National Security Agency and the Foreign Intelligence Surveillance Court Are your privacy rights being guarded

 

 

What is the FISA Court and why is it used?

 

Probably one of the most secretive areas in the US Government has to do with national security, intelligence and intelligence gathering.  Most Americans (including most lawyers) did not even know about the Foreign Intelligence Surveillance Court (called the FISA Court) until the recent news items about Edward Snowden and the leaks regarding the National Security Agency.  But the FISA court has been around since Congress established it in 1978 as a special court and authorized the Chief Justice of the United States to designate seven federal district court judges to review applications for warrants related to national security investigations. 

 

How does the FISA Court operate?

 

FISA Court Judges serve for staggered, non-renewable terms of no more than seven years, and until 2001 were drawn from different judicial circuits. The provisions for the court were part of the Foreign Intelligence Surveillance Act (92 Stat. 1783), which required the government, before it commenced certain kinds of intelligence gathering operations within the United States, to obtain a judicial warrant similar to that required in criminal investigations. The legislation was in response to a report of the Senate Select Committee to Study Governmental Operations with Respect to Intelligence Activities (the “Church Committee”), which detailed allegations that the executive branch abused its authority to conduct domestic electronic surveillance in the interest of national security. Congress also was responding to the Supreme Court’s suggestion in a 1972 case that under the Fourth Amendment some kind of judicial warrant might be required to conduct national security related investigations. 

 

Warrant applications under FISA are drafted by attorneys in the General Counsel’s Office at the National Security Agency at the request of an officer of one of the federal intelligence agencies. Each application must contain the Attorney General’s certification that the target of the proposed surveillance is either a “foreign power” or “the agent of a foreign power” and, in the case of a U.S. citizen or resident alien, that the target may be involved in the commission of a crime.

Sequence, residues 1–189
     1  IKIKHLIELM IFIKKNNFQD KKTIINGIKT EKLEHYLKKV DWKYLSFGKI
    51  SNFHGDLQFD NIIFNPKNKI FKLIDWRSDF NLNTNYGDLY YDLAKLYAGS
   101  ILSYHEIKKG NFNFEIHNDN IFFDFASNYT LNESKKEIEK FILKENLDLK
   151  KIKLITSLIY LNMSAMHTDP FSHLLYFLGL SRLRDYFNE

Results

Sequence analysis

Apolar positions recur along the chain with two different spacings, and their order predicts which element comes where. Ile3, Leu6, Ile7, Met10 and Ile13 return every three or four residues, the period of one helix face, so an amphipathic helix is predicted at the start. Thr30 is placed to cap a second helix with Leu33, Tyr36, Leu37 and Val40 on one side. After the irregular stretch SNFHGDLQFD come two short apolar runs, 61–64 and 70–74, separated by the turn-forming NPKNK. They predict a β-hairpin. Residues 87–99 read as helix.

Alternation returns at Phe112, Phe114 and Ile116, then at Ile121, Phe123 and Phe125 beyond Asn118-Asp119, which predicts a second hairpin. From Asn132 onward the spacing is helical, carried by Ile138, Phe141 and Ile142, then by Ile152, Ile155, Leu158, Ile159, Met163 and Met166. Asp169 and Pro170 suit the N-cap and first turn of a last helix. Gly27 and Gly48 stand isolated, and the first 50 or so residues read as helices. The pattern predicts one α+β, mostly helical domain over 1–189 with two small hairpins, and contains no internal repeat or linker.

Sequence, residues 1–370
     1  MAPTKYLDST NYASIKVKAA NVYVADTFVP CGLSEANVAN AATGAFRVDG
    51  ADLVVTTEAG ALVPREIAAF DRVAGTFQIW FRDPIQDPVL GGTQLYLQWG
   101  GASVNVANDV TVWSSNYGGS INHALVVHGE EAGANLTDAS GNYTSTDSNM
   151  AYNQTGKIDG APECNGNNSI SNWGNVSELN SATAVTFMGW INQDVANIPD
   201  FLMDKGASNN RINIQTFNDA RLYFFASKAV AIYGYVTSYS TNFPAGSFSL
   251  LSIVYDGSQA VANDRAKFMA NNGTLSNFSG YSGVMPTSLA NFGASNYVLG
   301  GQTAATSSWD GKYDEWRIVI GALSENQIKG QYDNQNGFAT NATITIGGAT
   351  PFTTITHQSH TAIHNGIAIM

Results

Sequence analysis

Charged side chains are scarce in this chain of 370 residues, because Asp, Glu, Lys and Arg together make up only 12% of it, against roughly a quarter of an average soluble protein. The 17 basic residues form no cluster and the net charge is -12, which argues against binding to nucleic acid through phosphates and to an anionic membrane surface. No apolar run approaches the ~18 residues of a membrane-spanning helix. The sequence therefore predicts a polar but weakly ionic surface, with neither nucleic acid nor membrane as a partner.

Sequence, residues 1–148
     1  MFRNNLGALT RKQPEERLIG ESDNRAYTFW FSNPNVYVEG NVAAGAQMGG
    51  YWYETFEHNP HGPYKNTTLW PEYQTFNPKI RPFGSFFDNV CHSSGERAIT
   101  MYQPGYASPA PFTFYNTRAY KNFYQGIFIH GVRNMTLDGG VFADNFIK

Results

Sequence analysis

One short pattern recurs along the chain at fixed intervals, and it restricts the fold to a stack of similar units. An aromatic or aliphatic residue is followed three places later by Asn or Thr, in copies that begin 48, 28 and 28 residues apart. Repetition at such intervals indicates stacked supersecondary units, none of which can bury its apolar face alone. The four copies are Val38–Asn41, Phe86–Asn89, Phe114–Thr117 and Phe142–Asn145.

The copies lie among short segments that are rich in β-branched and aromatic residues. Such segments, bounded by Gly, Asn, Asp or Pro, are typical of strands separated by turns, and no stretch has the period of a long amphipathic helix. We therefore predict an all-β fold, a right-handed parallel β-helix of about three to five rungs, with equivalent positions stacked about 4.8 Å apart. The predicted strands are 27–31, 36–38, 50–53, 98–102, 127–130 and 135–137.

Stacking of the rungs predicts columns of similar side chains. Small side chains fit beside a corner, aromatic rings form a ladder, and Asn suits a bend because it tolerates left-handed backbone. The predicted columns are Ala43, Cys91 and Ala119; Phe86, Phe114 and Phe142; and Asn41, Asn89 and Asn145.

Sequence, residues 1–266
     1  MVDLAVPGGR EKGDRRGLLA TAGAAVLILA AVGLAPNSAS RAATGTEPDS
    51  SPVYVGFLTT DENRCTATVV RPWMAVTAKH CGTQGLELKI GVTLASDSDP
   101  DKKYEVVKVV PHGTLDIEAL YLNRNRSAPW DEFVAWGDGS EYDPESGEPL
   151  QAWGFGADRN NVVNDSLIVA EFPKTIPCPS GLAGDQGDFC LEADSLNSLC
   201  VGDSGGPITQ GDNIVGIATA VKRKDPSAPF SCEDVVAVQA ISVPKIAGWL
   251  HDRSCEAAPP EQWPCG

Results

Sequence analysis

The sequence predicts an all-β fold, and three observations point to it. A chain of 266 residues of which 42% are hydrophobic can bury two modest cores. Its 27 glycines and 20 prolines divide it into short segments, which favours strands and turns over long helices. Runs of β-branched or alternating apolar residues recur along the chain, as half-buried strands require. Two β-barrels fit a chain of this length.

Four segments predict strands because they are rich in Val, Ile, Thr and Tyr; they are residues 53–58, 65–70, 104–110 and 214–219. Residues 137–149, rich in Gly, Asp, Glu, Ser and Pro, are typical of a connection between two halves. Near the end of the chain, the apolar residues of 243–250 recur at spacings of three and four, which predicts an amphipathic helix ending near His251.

The judges of the Foreign Intelligence Surveillance Court travel to Washington, D.C., to hear warrant applications on a rotating basis. To ensure that the court can convene on short notice, at least one of the judges is required to be a member of the U.S. District Court for the District of Columbia.

 

There is an appeals court, presided over by three district or appeals court judges designated by the Chief Justice, to review, at the government’s request, the decisions of the Foreign Intelligence Surveillance Court. Because of the almost perfect record of the Department of Justice in obtaining the surveillance warrants and other powers it requested from the Foreign Intelligence Surveillance Court, the review court had no occasion to meet until 2002. The USA Patriot Act of 2001 (115 Stat. 272) expanded the time periods for which the Foreign Intelligence Surveillance Court can authorize surveillance and increased the number of judges serving the court from seven to eleven. The eleven judges must be drawn from at least seven judicial circuits, and no fewer than three are to reside within twenty miles of the District of Columbia.

 

The Good, The Bad and The Ugly Regarding FISA

 

The complaint that most Americans have is that the FISA court operated with no oversight and unchecked until someone like Edward Snowden lifted the veil of secrecy and suddenly all the secrets are exposed.  Most people agree that there are some things that it would be dangerous for the general public to know – both for national security and personal security reasons.  However, to have such a huge machine operating under the cloak of national security with no checks and balances except by another organization created under the same laws and for the same purposes leaves most Americans frightened for their personal privacy.  

 

The argument that “if you are not doing anything wrong don’t worry about it” is a slippery slope to giving up our constitutional right to privacy.  The Founding Fathers believed the right to privacy paramount and deserving of constitutional protections.  Privacy is one of the most important rights we have as American citizens and our government must understand that American citizens will not sit idly by and allow that right to be infringed on.

 

Constitutional rights are paramount and must be protected at all costs.  If you are the focus of a governmental investigation or probe, you must have legal protection to make sure that all your rights are being safeguarded from governmental abuses.  If you are ever in the position that you are concerned for your rights, you should have a criminal law specialist by your side.  The law firm of Lewis & Dickstein, P.L.L.C. has a combination of more than fifty years of experience in criminal defense at both the state and federal levels.  Please call our office with any questions or concerns by using the Request for Information.